You can use early herbs and baby greens in the same ways you would use basil later in the season. Just keep in mind that a little lemony sorrel and spicy arugula can go a long way. Throw a handful, slivered or torn when they get large and coarse, onto Sourdough Pizza just pulled from the oven or into freshly cooked noodles with some butter and Dry-Salted Feta. Fold them into an omelet for breakfast or some Fresh Yogurt for a refreshing dip or dinnertime sauce. And sliver them as a topping for everything from Roasted Garlic Soup to Red Beans and Rice to Spanish Shrimp in Garlic Oil.
When most people think of early spring perennial vegetables, they think of asparagus. There’s always something exciting about seeing their first pointy tips poke through the soil. Setting up an asparagus bed takes some work and patience, but the long-term yield is worth it: once they’re established, they just go. You also solve the problem of overly tough spears by growing your own. The woodiest asparagus spears aren’t necessarily the largest—they’re the oldest. So pick asparagus just before you plan to use it for the tenderest spears.
I use short early spring spears almost like a garnish, waiting for full harvests to serve Grilled Asparagus as a side dish and to preserve its bright flavor. It’s another delicious pizza topping when sautéed or roasted. It also makes a quick fresh salad or fish topping when shaved into strips with a peeler and dressed like julienned young garlic or onions. It can be added to the final 2–4 minutes of boiling pasta and tossed with a little sorrel or arugula. And honestly, I snap the earliest stalks and put them right in my mouth as a garden snack.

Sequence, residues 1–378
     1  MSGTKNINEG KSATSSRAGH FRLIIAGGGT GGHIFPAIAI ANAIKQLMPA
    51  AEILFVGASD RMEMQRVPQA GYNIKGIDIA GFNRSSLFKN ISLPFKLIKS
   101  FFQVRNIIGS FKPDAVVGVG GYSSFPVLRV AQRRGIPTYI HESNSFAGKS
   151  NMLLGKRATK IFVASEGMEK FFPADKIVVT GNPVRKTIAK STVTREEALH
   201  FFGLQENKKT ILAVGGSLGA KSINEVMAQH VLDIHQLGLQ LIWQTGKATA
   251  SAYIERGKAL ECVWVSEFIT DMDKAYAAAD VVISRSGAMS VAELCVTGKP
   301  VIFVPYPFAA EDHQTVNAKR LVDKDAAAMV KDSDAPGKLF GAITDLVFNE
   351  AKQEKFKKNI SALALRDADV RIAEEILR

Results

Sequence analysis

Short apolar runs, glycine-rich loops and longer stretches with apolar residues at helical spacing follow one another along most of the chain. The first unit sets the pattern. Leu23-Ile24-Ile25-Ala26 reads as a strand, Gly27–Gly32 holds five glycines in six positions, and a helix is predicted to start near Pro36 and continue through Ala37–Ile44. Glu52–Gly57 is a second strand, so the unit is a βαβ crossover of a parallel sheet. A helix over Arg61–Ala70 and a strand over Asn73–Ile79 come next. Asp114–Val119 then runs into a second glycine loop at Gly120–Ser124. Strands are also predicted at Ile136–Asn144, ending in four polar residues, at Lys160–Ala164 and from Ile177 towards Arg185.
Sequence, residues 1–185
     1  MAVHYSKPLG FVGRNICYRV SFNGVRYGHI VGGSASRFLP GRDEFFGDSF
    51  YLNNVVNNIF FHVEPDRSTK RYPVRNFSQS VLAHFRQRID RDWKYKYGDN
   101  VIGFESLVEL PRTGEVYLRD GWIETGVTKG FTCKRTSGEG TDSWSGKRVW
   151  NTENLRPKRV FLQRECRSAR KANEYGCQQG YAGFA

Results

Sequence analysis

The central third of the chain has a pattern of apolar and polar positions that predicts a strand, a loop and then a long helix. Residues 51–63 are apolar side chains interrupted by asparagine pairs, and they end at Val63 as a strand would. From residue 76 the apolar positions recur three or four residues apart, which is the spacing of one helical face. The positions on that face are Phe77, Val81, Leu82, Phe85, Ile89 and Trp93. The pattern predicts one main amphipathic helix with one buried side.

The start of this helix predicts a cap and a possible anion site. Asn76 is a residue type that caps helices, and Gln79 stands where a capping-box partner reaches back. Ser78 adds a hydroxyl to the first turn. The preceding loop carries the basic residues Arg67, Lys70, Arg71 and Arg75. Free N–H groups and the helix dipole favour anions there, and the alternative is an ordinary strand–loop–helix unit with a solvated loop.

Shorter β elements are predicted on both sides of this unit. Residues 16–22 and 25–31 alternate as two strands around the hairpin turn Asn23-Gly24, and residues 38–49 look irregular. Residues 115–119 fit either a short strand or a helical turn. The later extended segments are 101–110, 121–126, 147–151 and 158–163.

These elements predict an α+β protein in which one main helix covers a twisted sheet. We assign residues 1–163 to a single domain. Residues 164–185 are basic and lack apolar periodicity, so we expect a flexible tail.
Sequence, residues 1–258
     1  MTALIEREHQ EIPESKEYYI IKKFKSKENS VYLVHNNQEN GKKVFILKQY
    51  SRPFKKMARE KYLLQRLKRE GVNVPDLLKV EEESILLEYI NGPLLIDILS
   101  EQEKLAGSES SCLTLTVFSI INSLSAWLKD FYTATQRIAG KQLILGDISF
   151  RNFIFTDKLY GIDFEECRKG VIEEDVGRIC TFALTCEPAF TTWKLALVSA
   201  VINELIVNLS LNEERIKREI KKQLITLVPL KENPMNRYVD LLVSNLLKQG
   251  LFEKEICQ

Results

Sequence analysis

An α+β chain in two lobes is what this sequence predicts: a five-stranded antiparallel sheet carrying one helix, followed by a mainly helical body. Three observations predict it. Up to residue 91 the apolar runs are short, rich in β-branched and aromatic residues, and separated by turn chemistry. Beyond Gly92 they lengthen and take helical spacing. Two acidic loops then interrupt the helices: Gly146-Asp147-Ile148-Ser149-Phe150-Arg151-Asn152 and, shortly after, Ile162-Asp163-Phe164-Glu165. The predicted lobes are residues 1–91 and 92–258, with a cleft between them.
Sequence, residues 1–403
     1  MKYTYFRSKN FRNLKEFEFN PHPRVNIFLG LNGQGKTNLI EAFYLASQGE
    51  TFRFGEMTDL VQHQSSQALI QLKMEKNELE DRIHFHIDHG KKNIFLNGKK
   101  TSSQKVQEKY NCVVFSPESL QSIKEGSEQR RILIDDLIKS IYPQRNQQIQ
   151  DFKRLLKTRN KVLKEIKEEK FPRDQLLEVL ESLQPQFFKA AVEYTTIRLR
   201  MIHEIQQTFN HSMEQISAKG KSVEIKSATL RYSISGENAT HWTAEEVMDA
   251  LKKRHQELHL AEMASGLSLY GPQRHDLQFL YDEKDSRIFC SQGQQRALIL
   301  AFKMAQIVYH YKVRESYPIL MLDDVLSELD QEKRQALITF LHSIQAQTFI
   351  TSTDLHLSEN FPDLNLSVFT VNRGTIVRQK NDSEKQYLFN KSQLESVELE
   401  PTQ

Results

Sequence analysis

I’m a rhubarb fiend. From breakfasts to drinks to sweets, I can’t get enough. I’ve always cooked rhubarb in some way, but it’s really just the leaves that are toxic, so I could turn it into a garden snack like asparagus. Still, although I love it’s natural tartness, even I find a little sweetness necessary to enjoy rhubarb.
Growing up, my mom regularly made rhubarb sauce, just cooking it until soft with enough water to keep it from sticking and enough sugar to cut the tartness. I’ll eat this straight up, like applesauce, but it’s also a delicious topper for ice cream, stirred into hot breakfast cereal, or drizzled over a quick bread. Carnivores might like the sweet-tart flavor over pork; I find it delicious with a firm grilled fish. For a salad, drizzle the rhubarb with honey and roast it for a few minutes instead.
Twice as Tasty
If you still crave recipes for your spring harvest, you’ll find plenty already on the blog, including these:
- Savory Herb Scones
- Herb Butter
- Herb Infusions
- Arugula–Asparagus Salad
- Rhubarb Crisp
- Rhubarb–Huckleberry Galette
- Rhubarb–Rosemary Rum
All month, I’ll be posting more recipes that use what’s fresh from your early season garden. And if you missed last week’s post, be sure to check out some of the Twice as Tasty workshops that teach you to put your homegrown produce to use.
Like what you’ve learned? To learn more in a Twice as Tasty workshop—in your own kitchen, among friends, and with my personal help—click here. If you’re not yet a Twice as Tasty subscriber, get newsletters delivered straight to your inbox by clicking here.
2 thoughts on “No Recipe Required”
I liked your gren garden & so many recipes.;
Thanks! It produces so much that I’m always looking for new ways to prepare what I grow, and I love sharing what works!